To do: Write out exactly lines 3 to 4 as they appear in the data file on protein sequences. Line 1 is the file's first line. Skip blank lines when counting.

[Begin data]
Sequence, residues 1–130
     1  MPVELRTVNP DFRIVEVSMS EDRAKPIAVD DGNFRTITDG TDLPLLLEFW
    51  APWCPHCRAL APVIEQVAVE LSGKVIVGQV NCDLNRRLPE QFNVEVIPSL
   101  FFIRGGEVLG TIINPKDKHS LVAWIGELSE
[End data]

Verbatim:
    51  APWCPHCRAL APVIEQVAVE LSGKVIVGQV NCDLNRRLPE QFNVEVIPSL
   101  FFIRGGEVLG TIINPKDKHS LVAWIGELSE